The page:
“A clever person solves a problem. A wise person avoids it.” Einstein
Not too long time ago I had a question related to the use of some type of online service. The first thing I did – went to their online help. It took me a while to play with my search terms to finally get to an article that was somewhat related to what I was looking for. But… it did not contain clear instructions on how to solve my problem.
I immediately decided to use their real-time online chat. Well, the person who was on another side apparently was using the same knowledge base that I was searching in my step 1 of solution finding journey.
And then I had to move to step 3 – writing an email to that company’s support department describing the issue yet again. I did get a response back, but it was the same one that I already heard 2 times before. I responded. My response contained less than admirable words towards the support services of the company which product I was trying to use. Magic! My request got finally escalated! And I did hear back from THE expert. The one who understood my issue and helped me with the solution.
Just for the fun of it, I went back not too long time ago and checked the online knowledge base of that company to see if they have updated the solution I was trying to use with the data that helped me with resolving my issue. No, the content was still old, no updates.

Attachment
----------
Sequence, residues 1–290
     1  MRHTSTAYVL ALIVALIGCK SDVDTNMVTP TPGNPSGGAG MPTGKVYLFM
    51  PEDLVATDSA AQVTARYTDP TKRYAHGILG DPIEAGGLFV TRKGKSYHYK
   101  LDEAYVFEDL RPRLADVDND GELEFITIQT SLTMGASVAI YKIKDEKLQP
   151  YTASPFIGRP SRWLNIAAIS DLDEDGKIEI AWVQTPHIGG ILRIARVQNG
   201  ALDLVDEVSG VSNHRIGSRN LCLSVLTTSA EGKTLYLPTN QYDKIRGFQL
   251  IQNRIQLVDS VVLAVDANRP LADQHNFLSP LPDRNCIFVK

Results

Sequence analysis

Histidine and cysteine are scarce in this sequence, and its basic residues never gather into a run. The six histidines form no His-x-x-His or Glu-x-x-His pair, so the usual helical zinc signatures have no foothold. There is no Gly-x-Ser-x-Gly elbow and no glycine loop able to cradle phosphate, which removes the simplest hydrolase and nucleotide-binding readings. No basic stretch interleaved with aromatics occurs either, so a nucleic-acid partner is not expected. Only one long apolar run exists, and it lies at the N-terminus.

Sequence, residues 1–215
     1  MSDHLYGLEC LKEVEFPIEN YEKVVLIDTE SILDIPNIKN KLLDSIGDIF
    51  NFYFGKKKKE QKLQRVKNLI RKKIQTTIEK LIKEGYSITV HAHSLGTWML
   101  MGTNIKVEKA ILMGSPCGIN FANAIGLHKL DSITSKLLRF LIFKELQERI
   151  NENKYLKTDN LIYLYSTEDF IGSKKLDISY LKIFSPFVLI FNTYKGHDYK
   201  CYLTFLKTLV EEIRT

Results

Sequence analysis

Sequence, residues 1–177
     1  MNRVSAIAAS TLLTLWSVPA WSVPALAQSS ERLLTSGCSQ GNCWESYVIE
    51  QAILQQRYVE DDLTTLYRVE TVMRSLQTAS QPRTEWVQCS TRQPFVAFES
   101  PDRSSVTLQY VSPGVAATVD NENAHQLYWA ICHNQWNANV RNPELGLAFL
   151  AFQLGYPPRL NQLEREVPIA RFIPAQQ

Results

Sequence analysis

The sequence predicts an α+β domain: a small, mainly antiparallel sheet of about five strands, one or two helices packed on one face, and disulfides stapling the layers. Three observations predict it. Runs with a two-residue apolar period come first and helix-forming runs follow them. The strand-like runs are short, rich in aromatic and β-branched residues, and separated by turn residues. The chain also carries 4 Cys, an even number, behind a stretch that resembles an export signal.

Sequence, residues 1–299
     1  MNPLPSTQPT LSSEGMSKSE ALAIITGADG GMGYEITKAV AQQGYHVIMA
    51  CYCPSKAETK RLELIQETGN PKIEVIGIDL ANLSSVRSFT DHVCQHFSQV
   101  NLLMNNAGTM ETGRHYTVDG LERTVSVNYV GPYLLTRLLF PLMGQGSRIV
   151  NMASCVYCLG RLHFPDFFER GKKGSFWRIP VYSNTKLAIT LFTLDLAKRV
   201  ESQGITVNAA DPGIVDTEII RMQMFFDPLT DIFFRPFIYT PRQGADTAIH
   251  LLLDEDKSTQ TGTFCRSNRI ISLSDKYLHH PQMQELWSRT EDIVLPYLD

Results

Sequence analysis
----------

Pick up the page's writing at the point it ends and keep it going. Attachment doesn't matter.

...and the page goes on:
Why I am telling you this story? You probably have dozens of the similar stories you can share with me. My main reason is … Social Media and all the hype around how great social media is for customer service support.
Your company’s social media service support will be as great as that knowledge base article that has not been updated for a long time.
Before you through more money and people on these new service/support social media channels make sure you have your back end systems and processes under control.
Here are some of the questions you need to address:
- Do you have a process in place to analyze social media generated service/support requests:
- What was the root cause of the issue?
- Is there a solution in place in online Knowledge Base?
- Can that solution be easily located?
- Do you need to make changes to your product [UI, layout, flows, etc..] to avoid service/support questions in a first place?
- Do you train your service/support people to listen to incoming requests, or they are trained to follow their scripts?
- Do you train them to comment on why they think service/support request has been generated in a first place and suggest methods/solutions that could prevent similar type of problems to appear in a first place?
Instead of me re-writing everything that relates to Knowledge Management, I suggest you hire top notch Knowledge Management consultant who can look at your back end systems, processes and can advise you on how to set things up so 80% of most commonly asked questions can be solved online using online help. And you can focus on those remaining 20% unique “hard” requests that most likely relate to unknown bugs and product functions that need to be developed…
Going back to where I started – with that problem that took over a week to solve and all the time and people that were involved in solving it… Nothing has changed. There is someone else who is going through the same process I went through not too long time ago now… Oh, I forgot to mention that I did check their online user forum – had the same issues – could not find the right discussion and when I did, there were no solution in place either.
So please, when you finally update Knowledge Base, go and find that discussion on user forum and post that solution as well! Thank You!